Loudoun County Administrator Tim Hemstreet followed the Board of Supervisors’ instructions and delivered a budget plan for the county government and school system for fiscal 2017 that would hold the property tax rate steady at $1.135 per $100 of assessed value.
But Hemstreet stopped short of recommending the $2.5 billion spending plan, which he presented Feb. 10, saying that it was “not adequate to protect the current level of service in many areas.”
Under the proposed budget, funding for Loudoun public schools would fall $31.4 million short of the school board’s request, and there would be insufficient funding to open county facilities such as the new Sterling Library.
Instead, Hemstreet recommended that the board adopt a budget at a slightly higher tax rate of $1.14 per $100 of assessed value, which would enable the county to open the library and other new facilities, as well as maintain “mandated or critical services, specifically those related to social safety net programs or public safety,” he said.
The Board of Supervisors had directed Hemstreet to present a budget at the $1.135 rate, which would keep the average property tax bill level. However, Hemstreet cautioned the board that a proposed budget maintaining that rate would provide insufficient revenue.
“The county’s current economic situation limits the resources available under the board’s guidance,” Hemstreet said. “Because of these limited resources, I was required to make difficult decisions about what could be included in the proposed budget.”
Loudoun’s economy is languishing, in part because of the lingering effects of federal sequestration, Hemstreet said. Employment growth for Loudoun residents in 2014 was well below the national growth rate, and market appreciation of residential properties last year was “essentially zero,” he said.
Still, the county’s population continues to surge. Over the next four years, it is projected to grow from 364,000 to 416,000, and school officials project an increase of about 2,900 students next year.
The school board asked for an increase of $58.3 million in local funding in fiscal 2017 to meet the demands of the growing student population and to open Madison’s Trust Elementary School in Ashburn. The requested increase also included $9.7 million to raise the number of students in full-day kindergarten from 34 to 75 percent.
A tax rate of $1.15 would allow the county to reduce the gap in school system funding by $10.8 million, Hemstreet said. To give the board flexibility to raise taxes further, he advertised a tax rate of $1.17, which he said would fully fund his recommended budget for the county government, as well as the school board’s budget request.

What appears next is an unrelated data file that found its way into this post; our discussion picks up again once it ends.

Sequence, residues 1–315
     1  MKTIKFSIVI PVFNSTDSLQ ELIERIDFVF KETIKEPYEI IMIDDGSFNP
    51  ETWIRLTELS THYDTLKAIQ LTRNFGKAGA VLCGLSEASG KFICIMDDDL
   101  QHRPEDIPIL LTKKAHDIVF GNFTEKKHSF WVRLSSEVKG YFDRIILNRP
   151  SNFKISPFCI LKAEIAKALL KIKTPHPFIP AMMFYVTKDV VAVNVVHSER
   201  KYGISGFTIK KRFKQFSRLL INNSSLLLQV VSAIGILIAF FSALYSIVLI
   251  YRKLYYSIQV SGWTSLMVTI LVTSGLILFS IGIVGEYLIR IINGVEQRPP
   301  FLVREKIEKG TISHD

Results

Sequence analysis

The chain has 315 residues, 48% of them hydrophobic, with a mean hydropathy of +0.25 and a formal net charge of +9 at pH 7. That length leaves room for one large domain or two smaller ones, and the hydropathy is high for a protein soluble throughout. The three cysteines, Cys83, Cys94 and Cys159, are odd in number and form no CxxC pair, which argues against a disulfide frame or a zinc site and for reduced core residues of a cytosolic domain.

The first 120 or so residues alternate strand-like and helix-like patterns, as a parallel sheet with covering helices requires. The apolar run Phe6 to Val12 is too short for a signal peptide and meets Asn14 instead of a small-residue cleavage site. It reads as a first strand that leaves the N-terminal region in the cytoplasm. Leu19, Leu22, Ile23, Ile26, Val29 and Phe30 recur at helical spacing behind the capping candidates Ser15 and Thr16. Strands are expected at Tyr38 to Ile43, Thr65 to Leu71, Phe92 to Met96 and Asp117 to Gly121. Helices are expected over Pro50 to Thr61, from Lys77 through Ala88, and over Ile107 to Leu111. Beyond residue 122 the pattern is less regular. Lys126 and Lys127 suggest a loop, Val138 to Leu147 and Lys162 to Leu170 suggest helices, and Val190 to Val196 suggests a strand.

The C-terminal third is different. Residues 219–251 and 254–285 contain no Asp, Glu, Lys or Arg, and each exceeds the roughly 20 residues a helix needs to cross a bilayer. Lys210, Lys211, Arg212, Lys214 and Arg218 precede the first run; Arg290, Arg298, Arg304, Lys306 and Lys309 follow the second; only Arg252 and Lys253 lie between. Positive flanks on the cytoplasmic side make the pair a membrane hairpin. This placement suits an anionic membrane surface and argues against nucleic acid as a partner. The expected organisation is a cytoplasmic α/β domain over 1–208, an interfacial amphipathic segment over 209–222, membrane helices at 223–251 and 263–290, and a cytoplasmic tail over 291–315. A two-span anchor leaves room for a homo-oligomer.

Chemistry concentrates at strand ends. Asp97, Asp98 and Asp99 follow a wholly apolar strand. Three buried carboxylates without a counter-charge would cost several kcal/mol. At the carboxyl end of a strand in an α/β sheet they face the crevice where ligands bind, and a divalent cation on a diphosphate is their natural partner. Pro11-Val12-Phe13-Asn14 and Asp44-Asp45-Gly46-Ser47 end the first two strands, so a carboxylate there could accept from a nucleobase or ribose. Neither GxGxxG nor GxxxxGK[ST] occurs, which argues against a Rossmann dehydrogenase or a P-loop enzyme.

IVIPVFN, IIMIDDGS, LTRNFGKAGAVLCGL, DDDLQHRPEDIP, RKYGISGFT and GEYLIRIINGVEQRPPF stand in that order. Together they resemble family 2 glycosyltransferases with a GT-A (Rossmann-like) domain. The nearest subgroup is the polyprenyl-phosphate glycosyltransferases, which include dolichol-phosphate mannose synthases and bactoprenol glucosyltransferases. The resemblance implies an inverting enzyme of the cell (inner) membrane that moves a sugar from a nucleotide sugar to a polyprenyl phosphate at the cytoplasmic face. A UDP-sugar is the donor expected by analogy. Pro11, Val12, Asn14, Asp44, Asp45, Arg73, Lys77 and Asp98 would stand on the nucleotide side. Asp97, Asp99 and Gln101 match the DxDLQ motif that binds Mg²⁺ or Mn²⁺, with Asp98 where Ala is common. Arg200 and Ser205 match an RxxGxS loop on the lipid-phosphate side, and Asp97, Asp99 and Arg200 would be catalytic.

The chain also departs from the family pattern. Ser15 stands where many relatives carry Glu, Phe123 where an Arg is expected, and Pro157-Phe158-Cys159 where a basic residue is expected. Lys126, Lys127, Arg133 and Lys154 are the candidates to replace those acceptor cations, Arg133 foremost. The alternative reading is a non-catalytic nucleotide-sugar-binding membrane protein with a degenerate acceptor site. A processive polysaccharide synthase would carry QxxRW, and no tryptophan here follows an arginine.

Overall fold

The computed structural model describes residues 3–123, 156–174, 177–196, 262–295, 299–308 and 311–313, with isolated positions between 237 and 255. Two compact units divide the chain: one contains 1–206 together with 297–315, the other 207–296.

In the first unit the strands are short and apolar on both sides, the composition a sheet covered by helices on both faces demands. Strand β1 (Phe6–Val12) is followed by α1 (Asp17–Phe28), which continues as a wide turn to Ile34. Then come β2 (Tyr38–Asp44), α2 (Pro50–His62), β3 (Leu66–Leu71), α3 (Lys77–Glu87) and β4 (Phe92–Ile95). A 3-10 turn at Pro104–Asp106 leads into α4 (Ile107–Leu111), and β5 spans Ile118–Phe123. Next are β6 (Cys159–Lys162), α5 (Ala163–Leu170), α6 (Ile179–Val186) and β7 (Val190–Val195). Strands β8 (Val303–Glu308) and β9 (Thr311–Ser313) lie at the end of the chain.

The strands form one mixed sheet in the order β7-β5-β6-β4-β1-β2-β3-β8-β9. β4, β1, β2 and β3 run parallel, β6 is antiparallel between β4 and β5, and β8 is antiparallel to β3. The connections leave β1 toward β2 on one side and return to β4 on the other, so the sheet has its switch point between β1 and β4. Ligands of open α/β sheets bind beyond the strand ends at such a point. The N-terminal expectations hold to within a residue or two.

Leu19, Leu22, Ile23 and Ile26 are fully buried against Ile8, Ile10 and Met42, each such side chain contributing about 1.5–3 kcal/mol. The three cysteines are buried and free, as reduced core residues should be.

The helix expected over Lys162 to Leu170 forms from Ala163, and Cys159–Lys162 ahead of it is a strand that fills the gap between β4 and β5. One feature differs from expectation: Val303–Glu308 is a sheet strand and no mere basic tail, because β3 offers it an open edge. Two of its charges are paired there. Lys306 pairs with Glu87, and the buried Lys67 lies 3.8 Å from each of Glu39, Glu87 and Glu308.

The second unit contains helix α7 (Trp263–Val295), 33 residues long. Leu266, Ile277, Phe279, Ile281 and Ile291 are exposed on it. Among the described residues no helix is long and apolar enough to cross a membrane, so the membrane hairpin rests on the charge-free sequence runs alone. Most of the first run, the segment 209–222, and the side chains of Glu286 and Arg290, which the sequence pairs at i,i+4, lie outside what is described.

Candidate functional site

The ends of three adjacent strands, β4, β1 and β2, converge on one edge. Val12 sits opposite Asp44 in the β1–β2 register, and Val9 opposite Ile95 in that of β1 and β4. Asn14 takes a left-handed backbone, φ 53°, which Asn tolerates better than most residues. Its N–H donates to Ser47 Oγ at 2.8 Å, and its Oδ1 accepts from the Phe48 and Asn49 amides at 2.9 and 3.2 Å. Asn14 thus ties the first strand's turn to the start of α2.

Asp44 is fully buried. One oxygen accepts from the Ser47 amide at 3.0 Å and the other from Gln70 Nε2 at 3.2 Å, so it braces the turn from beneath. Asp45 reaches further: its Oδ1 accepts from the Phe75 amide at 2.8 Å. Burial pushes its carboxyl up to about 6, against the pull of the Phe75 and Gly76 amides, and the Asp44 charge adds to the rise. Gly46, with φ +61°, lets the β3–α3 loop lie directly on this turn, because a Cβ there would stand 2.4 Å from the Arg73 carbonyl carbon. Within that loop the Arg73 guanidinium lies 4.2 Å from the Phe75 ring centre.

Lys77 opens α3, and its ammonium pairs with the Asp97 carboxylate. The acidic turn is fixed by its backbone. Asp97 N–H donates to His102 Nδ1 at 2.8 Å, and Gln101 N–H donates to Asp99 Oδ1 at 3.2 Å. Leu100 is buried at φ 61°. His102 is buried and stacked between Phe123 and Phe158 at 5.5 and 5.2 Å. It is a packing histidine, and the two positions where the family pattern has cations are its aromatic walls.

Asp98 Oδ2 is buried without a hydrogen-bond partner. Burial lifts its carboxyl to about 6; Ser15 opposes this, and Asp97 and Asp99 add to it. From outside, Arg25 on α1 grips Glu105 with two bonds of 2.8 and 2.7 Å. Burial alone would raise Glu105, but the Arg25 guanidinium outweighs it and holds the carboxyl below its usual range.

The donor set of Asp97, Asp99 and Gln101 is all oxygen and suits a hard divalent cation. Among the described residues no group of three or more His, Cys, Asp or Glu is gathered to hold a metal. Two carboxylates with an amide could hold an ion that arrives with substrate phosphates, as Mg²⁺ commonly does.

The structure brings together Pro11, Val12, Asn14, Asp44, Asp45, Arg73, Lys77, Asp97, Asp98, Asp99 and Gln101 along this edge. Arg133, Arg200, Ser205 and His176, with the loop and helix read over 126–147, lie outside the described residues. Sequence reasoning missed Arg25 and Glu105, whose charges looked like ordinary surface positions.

Vice Chair Ralph M. Buona (R-Ashburn) said that the budget process will be challenging, mainly because of the flat assessments.
Buona said that last year he and school board Chairman Eric Hornberger found common ground on recommendations that resulted in full funding of the school board’s budget request.
“Whether or not we get there this year remains to be seen, because . . . it would be a significant tax increase,” Buona said.
Board of Supervisors Chairman Phyllis J. Randall (D-At Large) said in an interview that decisions the board made in last year’s budget process, such as borrowing $11 million from the fund balance, created a wider budget gap this year.
“That put us in a tougher position, when you think about the fact that $9 million will take care of full-day [kindergarten] this year,” she said. “We’re in the hole for more than that already.
“School funding is a problem every year, because the county has grown so quickly over the past many years,” she added. “In my opinion, if we build homes, the kids come, and we’re supposed to educate them.”
Randall said that although schools receive most of the attention, the growing population also creates demands for other public services, including the fire and rescue department, law enforcement and roads.
Public hearings on the budget are scheduled for Thursday, Saturday and Feb. 29. The board will review the budget in a series of work sessions next month and is expected to adopt it in early April.
Barnes is a freelance writer.